Discussing the Atlanta Fed raising their GDP forecast, what will happen to all the empty retail stores, mortgage rates, over 100 experts predict home prices will increase, pending home sales drop again and much more!
The GDPNow model forecast for real GDP growth (seasonally adjusted annual rate) in the second quarter of 2017 is 3.8 percent on May 30, up from 3.7 percent on May 26. The forecast for second-quarter real consumer spending growth increased from 2.9 percent to 3.3 percent after this morning’s personal income and outlays release from the U.S. Bureau of Economic Analysis.
How much will this weigh on the Fed’s decision to raise their benchmark rate?
The Federal Reserve has intimated that it intends to keep pulling back on economic stimulus in 2017, both by raising short-term interest rates and by shrinking its holdings of long-term assets. These steps have little to do with controlling inflation. Instead, they are part of a systematically anti-growth approach that the Fed adopted four years ago — an approach that should be abandoned as soon as possible.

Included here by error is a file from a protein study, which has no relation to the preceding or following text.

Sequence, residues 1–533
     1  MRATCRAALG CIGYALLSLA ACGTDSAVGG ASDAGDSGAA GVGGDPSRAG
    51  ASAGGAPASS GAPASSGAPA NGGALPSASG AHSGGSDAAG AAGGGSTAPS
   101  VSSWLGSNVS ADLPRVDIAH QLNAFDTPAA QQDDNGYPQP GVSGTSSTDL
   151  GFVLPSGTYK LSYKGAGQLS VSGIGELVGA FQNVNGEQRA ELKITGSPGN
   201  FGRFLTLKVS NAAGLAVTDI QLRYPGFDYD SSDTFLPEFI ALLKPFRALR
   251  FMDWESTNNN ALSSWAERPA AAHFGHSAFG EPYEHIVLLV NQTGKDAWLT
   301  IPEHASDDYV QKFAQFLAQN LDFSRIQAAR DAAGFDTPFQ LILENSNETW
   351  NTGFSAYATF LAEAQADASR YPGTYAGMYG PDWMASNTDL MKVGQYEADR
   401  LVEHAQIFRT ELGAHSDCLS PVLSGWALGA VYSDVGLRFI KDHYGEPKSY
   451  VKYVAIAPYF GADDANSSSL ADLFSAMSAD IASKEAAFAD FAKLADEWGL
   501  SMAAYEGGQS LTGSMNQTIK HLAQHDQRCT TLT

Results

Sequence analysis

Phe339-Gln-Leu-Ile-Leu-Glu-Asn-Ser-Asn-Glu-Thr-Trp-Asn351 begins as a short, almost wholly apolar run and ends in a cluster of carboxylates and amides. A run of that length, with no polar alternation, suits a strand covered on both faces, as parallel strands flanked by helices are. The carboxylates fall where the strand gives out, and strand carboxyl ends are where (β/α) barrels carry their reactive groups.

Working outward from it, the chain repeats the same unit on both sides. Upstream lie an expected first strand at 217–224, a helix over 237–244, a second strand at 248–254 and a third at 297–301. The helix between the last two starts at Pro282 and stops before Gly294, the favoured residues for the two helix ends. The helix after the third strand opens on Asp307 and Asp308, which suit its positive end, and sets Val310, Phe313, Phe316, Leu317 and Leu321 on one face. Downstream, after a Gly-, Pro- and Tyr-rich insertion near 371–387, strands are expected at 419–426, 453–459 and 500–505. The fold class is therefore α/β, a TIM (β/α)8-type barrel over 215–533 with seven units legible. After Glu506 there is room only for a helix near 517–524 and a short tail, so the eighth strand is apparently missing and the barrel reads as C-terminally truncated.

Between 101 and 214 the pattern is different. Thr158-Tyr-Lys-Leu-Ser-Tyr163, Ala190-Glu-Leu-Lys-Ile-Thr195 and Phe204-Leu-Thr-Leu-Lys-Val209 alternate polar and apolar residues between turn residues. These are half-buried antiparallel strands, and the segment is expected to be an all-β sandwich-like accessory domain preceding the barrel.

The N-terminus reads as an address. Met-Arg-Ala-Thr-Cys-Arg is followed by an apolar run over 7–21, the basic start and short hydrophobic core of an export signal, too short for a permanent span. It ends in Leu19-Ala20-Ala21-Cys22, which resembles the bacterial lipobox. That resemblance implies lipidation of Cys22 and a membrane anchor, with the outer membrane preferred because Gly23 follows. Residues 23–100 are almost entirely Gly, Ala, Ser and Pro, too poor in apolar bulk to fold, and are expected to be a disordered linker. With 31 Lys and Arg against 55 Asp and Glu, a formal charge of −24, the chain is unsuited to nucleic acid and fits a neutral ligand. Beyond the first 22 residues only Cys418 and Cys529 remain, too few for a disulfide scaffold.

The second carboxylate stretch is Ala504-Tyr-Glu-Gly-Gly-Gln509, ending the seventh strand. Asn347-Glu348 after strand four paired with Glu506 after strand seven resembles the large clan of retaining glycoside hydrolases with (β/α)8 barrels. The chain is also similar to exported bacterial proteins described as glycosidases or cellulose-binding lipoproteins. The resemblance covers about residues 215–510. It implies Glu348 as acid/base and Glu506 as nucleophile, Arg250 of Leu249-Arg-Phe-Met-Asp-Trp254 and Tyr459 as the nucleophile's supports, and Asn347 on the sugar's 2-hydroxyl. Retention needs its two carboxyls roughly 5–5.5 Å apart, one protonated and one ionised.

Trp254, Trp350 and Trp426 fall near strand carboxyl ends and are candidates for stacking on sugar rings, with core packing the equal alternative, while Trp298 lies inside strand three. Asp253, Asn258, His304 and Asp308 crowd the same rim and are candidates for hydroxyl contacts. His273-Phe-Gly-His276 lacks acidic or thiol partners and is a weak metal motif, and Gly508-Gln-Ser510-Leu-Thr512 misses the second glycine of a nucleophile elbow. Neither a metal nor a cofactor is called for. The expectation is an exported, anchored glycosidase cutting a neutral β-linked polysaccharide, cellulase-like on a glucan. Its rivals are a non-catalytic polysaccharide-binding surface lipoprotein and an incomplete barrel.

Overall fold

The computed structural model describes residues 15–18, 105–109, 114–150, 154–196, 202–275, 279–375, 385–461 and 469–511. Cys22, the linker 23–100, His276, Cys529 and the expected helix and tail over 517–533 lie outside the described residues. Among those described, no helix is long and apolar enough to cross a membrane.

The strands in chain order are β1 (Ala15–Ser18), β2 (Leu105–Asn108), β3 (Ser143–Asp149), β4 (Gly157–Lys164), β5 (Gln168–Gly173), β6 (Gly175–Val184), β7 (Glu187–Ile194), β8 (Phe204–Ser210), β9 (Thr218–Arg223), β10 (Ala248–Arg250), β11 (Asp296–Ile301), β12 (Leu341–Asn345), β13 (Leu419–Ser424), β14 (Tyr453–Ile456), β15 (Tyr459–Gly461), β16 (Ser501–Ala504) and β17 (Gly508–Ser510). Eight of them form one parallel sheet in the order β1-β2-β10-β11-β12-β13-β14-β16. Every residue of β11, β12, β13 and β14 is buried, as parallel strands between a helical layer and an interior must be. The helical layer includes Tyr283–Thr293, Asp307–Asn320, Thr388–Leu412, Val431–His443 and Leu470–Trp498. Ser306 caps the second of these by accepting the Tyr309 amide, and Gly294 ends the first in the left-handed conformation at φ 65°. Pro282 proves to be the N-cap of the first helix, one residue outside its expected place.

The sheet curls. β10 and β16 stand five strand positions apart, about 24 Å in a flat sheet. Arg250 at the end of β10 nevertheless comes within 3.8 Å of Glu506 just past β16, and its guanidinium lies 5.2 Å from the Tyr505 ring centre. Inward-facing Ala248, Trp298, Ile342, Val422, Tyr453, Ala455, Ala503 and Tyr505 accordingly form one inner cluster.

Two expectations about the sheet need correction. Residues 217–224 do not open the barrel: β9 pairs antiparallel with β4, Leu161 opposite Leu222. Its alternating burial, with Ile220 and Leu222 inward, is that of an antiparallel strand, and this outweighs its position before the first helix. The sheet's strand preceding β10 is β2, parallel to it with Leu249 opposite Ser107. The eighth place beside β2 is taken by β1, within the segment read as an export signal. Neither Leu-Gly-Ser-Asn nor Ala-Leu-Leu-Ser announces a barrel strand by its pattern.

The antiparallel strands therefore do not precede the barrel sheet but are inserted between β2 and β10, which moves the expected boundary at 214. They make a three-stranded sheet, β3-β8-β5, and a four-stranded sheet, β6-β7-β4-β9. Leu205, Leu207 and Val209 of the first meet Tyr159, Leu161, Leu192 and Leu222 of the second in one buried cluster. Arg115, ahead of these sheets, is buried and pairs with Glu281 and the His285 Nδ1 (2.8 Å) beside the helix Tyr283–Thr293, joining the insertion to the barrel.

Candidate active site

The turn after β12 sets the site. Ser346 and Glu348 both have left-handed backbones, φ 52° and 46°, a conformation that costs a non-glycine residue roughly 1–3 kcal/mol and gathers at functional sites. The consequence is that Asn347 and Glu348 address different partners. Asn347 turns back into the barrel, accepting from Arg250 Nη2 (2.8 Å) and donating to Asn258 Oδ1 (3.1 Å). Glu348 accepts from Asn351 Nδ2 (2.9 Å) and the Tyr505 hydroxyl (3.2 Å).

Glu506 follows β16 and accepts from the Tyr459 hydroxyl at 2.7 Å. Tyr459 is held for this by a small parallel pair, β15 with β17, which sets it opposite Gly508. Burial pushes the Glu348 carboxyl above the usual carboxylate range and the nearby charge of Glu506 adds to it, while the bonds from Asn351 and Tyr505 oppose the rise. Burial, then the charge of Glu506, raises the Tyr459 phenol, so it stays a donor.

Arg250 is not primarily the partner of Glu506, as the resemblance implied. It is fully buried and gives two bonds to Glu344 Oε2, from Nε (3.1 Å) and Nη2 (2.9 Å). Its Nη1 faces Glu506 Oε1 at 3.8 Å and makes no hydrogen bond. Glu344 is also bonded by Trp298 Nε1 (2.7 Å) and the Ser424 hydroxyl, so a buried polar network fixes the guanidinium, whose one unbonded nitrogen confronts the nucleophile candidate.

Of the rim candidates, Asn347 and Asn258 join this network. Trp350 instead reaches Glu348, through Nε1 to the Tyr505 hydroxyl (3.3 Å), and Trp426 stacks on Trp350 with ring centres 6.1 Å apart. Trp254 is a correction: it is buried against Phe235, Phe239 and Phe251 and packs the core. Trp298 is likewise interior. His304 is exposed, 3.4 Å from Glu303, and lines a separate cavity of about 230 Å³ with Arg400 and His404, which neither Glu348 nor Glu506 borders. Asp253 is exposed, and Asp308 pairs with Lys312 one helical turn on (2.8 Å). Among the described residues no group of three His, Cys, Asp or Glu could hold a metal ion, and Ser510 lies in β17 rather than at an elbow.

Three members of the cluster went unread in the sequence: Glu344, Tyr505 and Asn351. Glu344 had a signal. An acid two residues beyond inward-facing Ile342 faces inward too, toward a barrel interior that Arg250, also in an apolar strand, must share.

Interesting look at what the Fed has been doing and plans to do. I often wonder if the Fed has any idea of what they are doing or if they are just “mashing buttons” to see what they do…